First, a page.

The gut microbiota serves important functions for the organism health and its imbalance can lead to serious dysbiosis. The red panda (Ailurus fulgens) has a carnivore-like digestive system, but nevertheless its diet is based 90% on bamboo; the situation is even more drastic in the giant panda, where instead the diet consists of 99% bamboo. In these two species the microbiota could therefore play a key role in the digestion of cellulose and hemicellulose contained in it, as reported in recently published studies, as well as giving us important information about the health status of the individual. The aim of this study is to make a first characterization of the gut microbiota of eleven red pandas hosted at five Italian and one English facilities, using qPCR (quantitative polymerase chain reaction) to search for the six most representative bacterial groups: Bacteroides- Prevotella- Porphyromonas spp.; Staphylococcus spp.; Clostridium coccoides-Eubacterium rectale group; Lactobacillus spp.; Bifidobacterium spp.; Enterobacteriaceae. The results show a high presence of bacteria belonging to the phylum Firmicutes: Clostridium coccoides-Eubacterium rectale group, (6.6±9.9)E+05 CFU/g of faeces, Staphylococcus spp (3.1±2.6)E+05 CFU/g of faeces, Lactobacillus spp (3.2±9.2)E+05 CFU/g of faeces. A significant quantity of Enterobacteriaceae was also seen, (2.6±8.1)E+06 CFU/g of faeces, with a high variability among the subjects. The Clostridium coccoides-Eubacterium rectale group could be involved in the digestion of cellulose, as in the Giant panda. Bamboo, very rich in fiber and lignin, may require a flora rich in these bacteria group, as reported in Sichuan takin (Budorcas taxicolor tibetana).

The Gut Microbiota of the Red Panda (Ailurus Fulgens) as Functional Adaptation to the Particular Food Regime

Silvi, S.;Galosi, L.;Rossi, G.
2020

Abstract

The gut microbiota serves important functions for the organism health and its imbalance can lead to serious dysbiosis. The red panda (Ailurus fulgens) has a carnivore-like digestive system, but nevertheless its diet is based 90% on bamboo; the situation is even more drastic in the giant panda, where instead the diet consists of 99% bamboo. In these two species the microbiota could therefore play a key role in the digestion of cellulose and hemicellulose contained in it, as reported in recently published studies, as well as giving us important information about the health status of the individual. The aim of this study is to make a first characterization of the gut microbiota of eleven red pandas hosted at five Italian and one English facilities, using qPCR (quantitative polymerase chain reaction) to search for the six most representative bacterial groups: Bacteroides- Prevotella- Porphyromonas spp.; Staphylococcus spp.; Clostridium coccoides-Eubacterium rectale group; Lactobacillus spp.; Bifidobacterium spp.; Enterobacteriaceae. The results show a high presence of bacteria belonging to the phylum Firmicutes: Clostridium coccoides-Eubacterium rectale group, (6.6±9.9)E+05 CFU/g of faeces, Staphylococcus spp (3.1±2.6)E+05 CFU/g of faeces, Lactobacillus spp (3.2±9.2)E+05 CFU/g of faeces. A significant quantity of Enterobacteriaceae was also seen, (2.6±8.1)E+06 CFU/g of faeces, with a high variability among the subjects. The Clostridium coccoides-Eubacterium rectale group could be involved in the digestion of cellulose, as in the Giant panda. Bamboo, very rich in fiber and lignin, may require a flora rich in these bacteria group, as reported in Sichuan takin (Budorcas taxicolor tibetana).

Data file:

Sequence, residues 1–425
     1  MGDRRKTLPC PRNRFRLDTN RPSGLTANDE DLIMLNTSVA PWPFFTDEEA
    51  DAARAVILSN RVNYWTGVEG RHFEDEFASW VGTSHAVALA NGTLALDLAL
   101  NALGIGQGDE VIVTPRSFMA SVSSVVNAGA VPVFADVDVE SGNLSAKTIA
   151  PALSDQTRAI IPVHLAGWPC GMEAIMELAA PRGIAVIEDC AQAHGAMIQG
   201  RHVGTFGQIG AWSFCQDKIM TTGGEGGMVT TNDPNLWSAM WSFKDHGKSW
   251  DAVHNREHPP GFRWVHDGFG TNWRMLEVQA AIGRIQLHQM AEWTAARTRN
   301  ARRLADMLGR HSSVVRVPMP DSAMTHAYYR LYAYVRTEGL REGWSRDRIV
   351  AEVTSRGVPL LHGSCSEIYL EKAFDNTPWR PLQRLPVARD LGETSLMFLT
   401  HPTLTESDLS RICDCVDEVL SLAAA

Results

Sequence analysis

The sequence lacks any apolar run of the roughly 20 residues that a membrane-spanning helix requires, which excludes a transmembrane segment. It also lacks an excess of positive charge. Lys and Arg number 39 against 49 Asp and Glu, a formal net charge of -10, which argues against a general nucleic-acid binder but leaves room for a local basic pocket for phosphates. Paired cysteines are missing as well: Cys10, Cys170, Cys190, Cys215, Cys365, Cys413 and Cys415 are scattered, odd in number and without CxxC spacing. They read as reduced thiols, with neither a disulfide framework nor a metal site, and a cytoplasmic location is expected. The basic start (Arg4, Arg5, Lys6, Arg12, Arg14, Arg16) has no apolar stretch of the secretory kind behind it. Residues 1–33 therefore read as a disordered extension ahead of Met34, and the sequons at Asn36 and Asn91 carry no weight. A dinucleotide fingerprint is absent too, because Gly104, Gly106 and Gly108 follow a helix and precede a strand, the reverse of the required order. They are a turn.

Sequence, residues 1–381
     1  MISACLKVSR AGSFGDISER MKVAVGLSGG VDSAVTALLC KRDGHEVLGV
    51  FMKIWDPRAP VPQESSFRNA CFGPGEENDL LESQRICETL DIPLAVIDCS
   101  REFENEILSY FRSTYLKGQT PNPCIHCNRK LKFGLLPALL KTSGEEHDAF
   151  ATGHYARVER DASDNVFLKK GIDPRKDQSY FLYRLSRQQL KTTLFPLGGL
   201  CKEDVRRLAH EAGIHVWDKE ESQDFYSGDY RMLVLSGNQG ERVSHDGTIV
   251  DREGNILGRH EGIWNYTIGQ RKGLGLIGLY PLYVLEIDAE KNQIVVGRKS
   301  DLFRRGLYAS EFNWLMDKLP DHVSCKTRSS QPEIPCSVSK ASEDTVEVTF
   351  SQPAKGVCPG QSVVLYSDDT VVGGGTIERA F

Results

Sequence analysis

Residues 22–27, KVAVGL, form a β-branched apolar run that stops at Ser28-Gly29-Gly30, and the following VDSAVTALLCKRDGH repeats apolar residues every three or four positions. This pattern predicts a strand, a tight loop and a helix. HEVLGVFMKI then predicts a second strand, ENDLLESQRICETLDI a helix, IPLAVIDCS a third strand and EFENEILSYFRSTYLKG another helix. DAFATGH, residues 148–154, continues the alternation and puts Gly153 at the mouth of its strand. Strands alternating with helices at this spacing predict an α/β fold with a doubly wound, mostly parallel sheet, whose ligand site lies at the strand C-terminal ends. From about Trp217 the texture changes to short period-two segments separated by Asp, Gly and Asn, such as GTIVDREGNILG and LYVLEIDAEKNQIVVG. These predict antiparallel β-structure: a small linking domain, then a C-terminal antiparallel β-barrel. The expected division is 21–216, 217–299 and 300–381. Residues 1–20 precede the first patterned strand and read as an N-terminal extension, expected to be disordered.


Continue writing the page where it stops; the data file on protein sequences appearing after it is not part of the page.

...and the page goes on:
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Utilizza questo identificativo per citare o creare un link a questo documento: http://hdl.handle.net/11581/440989
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